While some provinces are preparing to gradually lift restrictions and reopen their economies, they must tread carefully as the virus remains a threat, although infection cases and deaths are continuing to drop in many parts of the country.
The premiers of Saskatchewan, Quebec, Ontario, and Manitoba have announced plans to lift lockdowns in phases while taking precautions to keep local outbreaks at bay.
The premiers are in an unenviable situation of “damned if you do, damned if you don’t,” says Joseph Garcea, professor of political science at the University of Saskatchewan.
“To some extent they feel the pressure of opening things up because if they don’t, people might feel inclined to disobey the guidelines. Then you’d have to get into greater enforcement,” Garcea says.
“The real fundamental question here is what is even one life worth, and what is the effort that will be made as to how people will be affected in any given province.”
Protests against government-imposed lockdowns have been held in Toronto and Vancouver, with another planned for Edmonton on April 28, adding to the pressure on decision-makers.
In Alberta, the problems are compounded due to the collapse of oil prices during the pandemic.
“The hangover will be really something here,” says Pierre-Gerlier Forest, director of the School of Public Policy at the University of Calgary. “A lot of people have not noticed yet what it means. And to me that’s really, really scary.”
Forest compares the economic impact to a “state of war” and says it will be difficult for Premier Jason Kenney to resist reopening the economy much longer.
“The more it lasts, the more difficult it becomes,” he says. “It’s a very deep transformation. It’s a deep crisis. It will take a long time for us to rebuild whatever we can build back.”
Kenney has continuously stressed caution. However, he said on April 28 that the province is working on a staged relaunch of the economy scheduled to start sometime in May. The virus is expected to reach its peak in Alberta in late May.
“I empathize a lot,” Garcea says of the premiers. “I understand what they’re trying to do, from raising the spirits to trying to engender hope and a little bit of economic activity, however little that might be.”
On May 11, Quebec’s elementary schools and daycares will reopen, except in Montreal, where they will reopen a week later.
“Schools and daycare are really a priority,” Forest says. “If you don’t have schools, the parents cannot go back to work.”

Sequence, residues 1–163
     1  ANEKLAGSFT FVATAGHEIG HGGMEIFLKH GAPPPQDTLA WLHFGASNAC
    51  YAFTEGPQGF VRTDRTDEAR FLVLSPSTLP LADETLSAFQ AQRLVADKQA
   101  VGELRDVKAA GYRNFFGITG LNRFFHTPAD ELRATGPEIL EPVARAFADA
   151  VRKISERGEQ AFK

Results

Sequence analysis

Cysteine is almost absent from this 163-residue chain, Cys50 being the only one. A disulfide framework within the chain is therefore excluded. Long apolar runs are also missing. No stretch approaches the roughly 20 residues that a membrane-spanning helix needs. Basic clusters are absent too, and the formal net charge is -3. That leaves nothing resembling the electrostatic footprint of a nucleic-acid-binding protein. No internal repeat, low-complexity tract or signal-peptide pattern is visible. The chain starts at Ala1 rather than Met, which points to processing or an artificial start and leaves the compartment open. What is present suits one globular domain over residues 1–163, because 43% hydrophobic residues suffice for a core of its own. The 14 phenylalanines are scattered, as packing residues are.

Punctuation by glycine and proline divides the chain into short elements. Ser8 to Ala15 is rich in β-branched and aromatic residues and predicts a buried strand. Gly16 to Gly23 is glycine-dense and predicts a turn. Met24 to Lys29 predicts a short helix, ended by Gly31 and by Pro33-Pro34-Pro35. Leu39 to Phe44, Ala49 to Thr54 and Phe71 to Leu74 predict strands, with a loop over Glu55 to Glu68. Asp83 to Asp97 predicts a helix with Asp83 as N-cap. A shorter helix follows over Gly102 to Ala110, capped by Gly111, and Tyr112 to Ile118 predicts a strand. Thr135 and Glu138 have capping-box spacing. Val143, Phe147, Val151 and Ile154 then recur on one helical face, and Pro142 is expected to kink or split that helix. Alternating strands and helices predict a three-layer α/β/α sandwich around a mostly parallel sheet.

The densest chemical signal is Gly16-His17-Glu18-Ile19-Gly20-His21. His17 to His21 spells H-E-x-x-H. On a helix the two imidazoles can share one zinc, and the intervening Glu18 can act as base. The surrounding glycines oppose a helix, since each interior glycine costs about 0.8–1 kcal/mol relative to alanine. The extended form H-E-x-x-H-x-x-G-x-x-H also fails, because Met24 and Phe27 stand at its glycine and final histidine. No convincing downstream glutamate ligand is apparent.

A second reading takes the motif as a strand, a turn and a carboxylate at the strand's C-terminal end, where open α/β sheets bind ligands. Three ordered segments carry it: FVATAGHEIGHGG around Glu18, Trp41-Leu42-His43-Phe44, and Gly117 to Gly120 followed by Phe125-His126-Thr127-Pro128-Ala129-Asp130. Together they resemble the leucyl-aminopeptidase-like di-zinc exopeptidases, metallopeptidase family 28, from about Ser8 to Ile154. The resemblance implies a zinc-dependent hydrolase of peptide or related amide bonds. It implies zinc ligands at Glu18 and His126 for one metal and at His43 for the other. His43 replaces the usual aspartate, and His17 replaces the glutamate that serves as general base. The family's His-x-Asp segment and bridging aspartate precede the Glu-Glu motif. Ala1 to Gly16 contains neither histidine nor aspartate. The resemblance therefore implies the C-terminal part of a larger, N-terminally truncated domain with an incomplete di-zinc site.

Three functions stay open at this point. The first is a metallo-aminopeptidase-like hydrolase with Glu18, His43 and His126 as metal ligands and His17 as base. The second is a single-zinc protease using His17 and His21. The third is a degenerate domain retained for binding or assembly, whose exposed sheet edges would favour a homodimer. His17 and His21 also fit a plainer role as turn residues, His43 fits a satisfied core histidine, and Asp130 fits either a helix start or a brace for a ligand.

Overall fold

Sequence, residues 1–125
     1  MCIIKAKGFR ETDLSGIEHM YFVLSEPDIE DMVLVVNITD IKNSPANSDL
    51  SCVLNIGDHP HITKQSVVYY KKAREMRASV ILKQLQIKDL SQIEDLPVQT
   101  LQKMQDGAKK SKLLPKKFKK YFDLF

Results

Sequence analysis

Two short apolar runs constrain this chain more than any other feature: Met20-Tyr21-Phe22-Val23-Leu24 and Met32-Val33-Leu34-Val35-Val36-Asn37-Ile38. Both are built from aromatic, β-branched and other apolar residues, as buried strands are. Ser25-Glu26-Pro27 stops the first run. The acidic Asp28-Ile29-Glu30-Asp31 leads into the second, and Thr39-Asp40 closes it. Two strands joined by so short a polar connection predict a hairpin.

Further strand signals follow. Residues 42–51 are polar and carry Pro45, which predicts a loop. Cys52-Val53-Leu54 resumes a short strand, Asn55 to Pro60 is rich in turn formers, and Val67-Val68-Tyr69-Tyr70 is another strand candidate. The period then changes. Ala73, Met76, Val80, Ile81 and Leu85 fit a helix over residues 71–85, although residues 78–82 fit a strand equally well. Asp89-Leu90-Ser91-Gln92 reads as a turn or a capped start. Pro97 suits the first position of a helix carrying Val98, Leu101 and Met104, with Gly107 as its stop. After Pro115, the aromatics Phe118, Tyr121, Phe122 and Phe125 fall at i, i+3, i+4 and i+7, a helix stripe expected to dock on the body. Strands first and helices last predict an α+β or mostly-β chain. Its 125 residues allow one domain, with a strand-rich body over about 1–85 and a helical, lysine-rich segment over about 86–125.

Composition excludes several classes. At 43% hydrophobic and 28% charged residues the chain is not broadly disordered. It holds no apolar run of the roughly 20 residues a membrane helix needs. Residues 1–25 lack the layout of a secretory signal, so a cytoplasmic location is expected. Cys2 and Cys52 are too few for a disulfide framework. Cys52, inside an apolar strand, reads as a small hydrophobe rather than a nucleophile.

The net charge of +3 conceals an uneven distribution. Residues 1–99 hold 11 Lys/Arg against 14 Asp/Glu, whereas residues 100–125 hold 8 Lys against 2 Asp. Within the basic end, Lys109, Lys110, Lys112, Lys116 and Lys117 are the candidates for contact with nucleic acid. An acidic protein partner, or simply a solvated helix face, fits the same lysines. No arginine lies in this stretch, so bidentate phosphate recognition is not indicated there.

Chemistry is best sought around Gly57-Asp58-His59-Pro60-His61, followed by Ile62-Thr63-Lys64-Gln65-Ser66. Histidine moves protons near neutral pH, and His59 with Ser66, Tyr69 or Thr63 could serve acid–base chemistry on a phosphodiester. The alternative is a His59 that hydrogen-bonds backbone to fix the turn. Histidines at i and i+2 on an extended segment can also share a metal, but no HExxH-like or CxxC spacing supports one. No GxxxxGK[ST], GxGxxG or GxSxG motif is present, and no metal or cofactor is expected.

B.C.’s provincial health minister said this week there will be an announcement soon about reopening plans. P.E.I will loosen some public health measures on May 1, while New Brunswick has already eased some restrictions.
Forest says that in Germany, provinces have agreed on a uniform response to the pandemic and the transition out of it. Yet, he appreciates why that is not possible in Canada.
“For provinces that didn’t have a very bad experience, it’s very reasonable to start lifting some of the public health measures and monitor to see what is happening for the time being. There’s no way we can wait for months. Nobody can wait for a vaccine and a cure.”
Saskatchewan’s population of 1.2 million has lost just four people due to COVID-19, and the province has led the way to a return to normalcy, with Premier Scott Moe announcing a five-phase plan on April 23 that will begin on May 4.
“We’re all in different places when it comes to how COVID-19 has been dealt with and what the results have ultimately been,” Moe said. “We’re a very diverse nation coast-to-coast, and that should surprise no one that we got into this at different stages and we’ll be coming out of it at different stages.”
Moe’s move may have prompted Prime Minister Justin Trudeau to change his stance. On April 16, Trudeau said a discussion on reopening commerce was “many weeks away.” But a day after Moe’s announcement, he said, “We will be working with the provinces and territories to establish principles and guidelines to start reopening the economy safely.”
Some countries, however, don’t need to transition back to normal life because they didn’t implement large-scale shutdowns in the first place. Countries such as Sweden, Taiwan, and Brazil took the approach of isolating the sick, elderly, and vulnerable and kept their economies going.